Not only does the Culm and Baggy guidebook feature all the area's trad climbing (as you'd expect), it also features the bouldering too, which - as a person who tends to flit between both disciplines - is great. For non-boulderers, this content doesn't take up too much space, and the guidebook itself isn't unduly large by modern standards. In a similar vein, although undeniably at the more specialist end of the spectrum, the guide also contains all the information on the area's ice/winter climbing. Given the balmy climate this is - as you might expect - limited to just a single page. Still, it's nice to have it in if only for curiosity's sake.

When it comes to finding the crags and routes are, not only are there a whole lot of maps clearly outlining where everything is, but there's also a series of stunning aerial shots that provide a unique insight into the geography. These compliment the mapping perfectly, partly because they show what's actually on the ground, where the smaller (unmarked) approach paths are often difficult to find (yet are completely essential, as they weave their way through the impregnable gorse wall that separates the coastal path from the cliff).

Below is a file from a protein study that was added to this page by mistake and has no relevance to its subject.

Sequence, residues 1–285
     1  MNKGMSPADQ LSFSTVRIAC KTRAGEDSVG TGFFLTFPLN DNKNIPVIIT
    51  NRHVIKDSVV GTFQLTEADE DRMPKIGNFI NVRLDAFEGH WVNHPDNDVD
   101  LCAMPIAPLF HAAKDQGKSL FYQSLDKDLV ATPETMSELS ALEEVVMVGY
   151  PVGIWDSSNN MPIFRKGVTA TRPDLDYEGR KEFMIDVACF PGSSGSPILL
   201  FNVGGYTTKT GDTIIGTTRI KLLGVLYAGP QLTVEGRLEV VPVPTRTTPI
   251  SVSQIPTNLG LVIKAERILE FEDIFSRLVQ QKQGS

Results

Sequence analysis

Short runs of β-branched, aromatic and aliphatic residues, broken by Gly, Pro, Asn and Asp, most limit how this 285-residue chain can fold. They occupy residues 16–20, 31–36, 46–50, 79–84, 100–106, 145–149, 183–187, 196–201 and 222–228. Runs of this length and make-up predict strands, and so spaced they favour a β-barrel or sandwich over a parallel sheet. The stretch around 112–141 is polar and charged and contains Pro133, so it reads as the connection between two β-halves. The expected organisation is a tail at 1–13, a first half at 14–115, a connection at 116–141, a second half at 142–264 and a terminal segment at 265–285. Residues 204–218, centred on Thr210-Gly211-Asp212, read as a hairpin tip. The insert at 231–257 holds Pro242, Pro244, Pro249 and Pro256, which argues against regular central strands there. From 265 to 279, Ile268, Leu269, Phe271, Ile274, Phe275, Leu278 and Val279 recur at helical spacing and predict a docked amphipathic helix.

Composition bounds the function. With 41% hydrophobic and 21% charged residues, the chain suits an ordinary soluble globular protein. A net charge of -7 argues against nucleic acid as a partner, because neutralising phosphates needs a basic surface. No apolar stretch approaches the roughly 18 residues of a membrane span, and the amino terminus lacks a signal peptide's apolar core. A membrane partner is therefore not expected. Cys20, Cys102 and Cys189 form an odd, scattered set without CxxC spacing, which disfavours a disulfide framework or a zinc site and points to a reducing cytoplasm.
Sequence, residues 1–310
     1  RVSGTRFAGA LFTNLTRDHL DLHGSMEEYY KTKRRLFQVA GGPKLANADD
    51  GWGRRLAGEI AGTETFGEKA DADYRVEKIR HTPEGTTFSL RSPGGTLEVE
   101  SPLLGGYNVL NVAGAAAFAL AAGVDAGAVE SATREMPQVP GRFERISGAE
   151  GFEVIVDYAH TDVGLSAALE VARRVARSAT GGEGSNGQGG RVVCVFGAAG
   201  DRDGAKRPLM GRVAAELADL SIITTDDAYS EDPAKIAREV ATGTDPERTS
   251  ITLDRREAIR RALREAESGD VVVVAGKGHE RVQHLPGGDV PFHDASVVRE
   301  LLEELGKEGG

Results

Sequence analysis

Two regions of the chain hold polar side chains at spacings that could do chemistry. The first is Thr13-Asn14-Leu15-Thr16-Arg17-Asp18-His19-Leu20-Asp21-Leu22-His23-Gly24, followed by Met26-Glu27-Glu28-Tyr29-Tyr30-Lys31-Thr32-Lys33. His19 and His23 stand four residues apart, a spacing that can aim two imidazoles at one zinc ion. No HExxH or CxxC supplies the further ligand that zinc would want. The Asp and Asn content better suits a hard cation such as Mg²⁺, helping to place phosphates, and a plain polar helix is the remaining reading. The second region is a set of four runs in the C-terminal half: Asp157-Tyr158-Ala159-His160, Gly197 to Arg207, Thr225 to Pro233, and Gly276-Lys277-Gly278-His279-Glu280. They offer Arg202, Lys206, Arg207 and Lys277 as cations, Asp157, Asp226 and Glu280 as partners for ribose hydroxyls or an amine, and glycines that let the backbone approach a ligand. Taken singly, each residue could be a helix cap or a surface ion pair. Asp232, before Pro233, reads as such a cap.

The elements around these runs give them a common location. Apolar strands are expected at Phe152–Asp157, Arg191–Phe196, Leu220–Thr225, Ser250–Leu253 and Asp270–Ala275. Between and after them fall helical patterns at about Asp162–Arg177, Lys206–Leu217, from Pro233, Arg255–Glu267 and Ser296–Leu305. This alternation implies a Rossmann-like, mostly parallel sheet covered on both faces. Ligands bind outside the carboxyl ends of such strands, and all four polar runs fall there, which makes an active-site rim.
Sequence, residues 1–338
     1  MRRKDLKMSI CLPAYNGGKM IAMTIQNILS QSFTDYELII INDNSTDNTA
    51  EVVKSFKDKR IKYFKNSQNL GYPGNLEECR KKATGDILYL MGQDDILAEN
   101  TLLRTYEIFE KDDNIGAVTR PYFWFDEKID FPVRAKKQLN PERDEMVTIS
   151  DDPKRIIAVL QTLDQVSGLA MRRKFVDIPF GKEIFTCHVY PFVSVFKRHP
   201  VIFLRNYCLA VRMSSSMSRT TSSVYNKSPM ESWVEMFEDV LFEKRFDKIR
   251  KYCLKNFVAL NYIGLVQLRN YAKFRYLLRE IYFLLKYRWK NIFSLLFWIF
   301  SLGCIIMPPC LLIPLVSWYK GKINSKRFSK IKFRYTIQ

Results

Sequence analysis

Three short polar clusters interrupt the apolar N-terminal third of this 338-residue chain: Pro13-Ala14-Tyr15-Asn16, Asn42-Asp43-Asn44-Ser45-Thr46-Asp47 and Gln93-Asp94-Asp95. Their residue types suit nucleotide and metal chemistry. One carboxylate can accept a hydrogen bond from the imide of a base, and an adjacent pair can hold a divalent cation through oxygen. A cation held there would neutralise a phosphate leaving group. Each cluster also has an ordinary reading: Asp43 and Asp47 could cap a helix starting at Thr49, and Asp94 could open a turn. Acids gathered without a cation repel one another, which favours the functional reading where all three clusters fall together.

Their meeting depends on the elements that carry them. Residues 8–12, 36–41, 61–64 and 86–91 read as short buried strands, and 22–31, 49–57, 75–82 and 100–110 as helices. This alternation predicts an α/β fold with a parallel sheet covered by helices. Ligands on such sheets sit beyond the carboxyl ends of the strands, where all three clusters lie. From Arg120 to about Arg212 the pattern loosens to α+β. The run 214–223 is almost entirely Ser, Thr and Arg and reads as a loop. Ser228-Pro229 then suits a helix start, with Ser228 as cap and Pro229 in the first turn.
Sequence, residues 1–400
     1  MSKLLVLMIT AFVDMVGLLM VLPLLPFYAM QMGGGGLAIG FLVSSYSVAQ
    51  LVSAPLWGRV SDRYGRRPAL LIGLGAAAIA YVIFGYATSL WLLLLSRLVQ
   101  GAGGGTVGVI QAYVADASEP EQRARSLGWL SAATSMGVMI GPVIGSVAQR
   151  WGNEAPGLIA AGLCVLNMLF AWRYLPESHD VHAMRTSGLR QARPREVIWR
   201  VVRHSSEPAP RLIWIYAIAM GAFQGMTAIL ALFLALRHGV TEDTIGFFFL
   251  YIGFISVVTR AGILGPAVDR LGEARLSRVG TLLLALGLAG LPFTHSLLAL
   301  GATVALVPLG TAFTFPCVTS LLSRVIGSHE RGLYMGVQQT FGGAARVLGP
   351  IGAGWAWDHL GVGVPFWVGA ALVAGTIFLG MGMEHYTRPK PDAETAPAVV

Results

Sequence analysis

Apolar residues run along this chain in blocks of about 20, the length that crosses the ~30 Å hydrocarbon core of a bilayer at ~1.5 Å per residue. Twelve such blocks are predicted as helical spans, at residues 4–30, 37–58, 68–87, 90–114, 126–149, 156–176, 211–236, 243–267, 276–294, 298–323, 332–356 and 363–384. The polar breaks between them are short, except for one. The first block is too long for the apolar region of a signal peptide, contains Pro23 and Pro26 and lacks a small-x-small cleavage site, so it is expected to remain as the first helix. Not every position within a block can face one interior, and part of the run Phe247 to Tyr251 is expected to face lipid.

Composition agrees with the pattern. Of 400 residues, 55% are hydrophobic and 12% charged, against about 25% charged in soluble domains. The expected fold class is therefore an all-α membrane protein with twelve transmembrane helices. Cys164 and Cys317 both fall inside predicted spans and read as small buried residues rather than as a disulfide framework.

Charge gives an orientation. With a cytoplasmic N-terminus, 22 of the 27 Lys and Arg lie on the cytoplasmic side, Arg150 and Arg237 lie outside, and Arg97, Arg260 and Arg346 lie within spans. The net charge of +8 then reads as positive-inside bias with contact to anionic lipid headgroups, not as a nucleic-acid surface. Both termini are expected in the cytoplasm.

The guide itself has a wondrous 24 page history section, which will no doubt be of interest to those being rained off whilst the crags are being battered by the Atlantic (either that or whilst it's too hot and you're in need of something to read with your cream tea in Croyde). This will satisfy many, as it outlines the history of what is ultimately a very interesting area - and not just because several of its key cliffs have fallen down. For those wanting more, UKClimbing is very lucky to have had James Mann curate a more extended history in the form of the Culm Dancing articles. Here's a link to the first, just to get you started:

Another detail which has been omitted by other guidebook publishers in recent years is first ascent information. Thankfully the Climbers' Club have consistently included this beneath each and every route. Knowing a route's first ascentionist matters, because it brings a sense of meaning with it.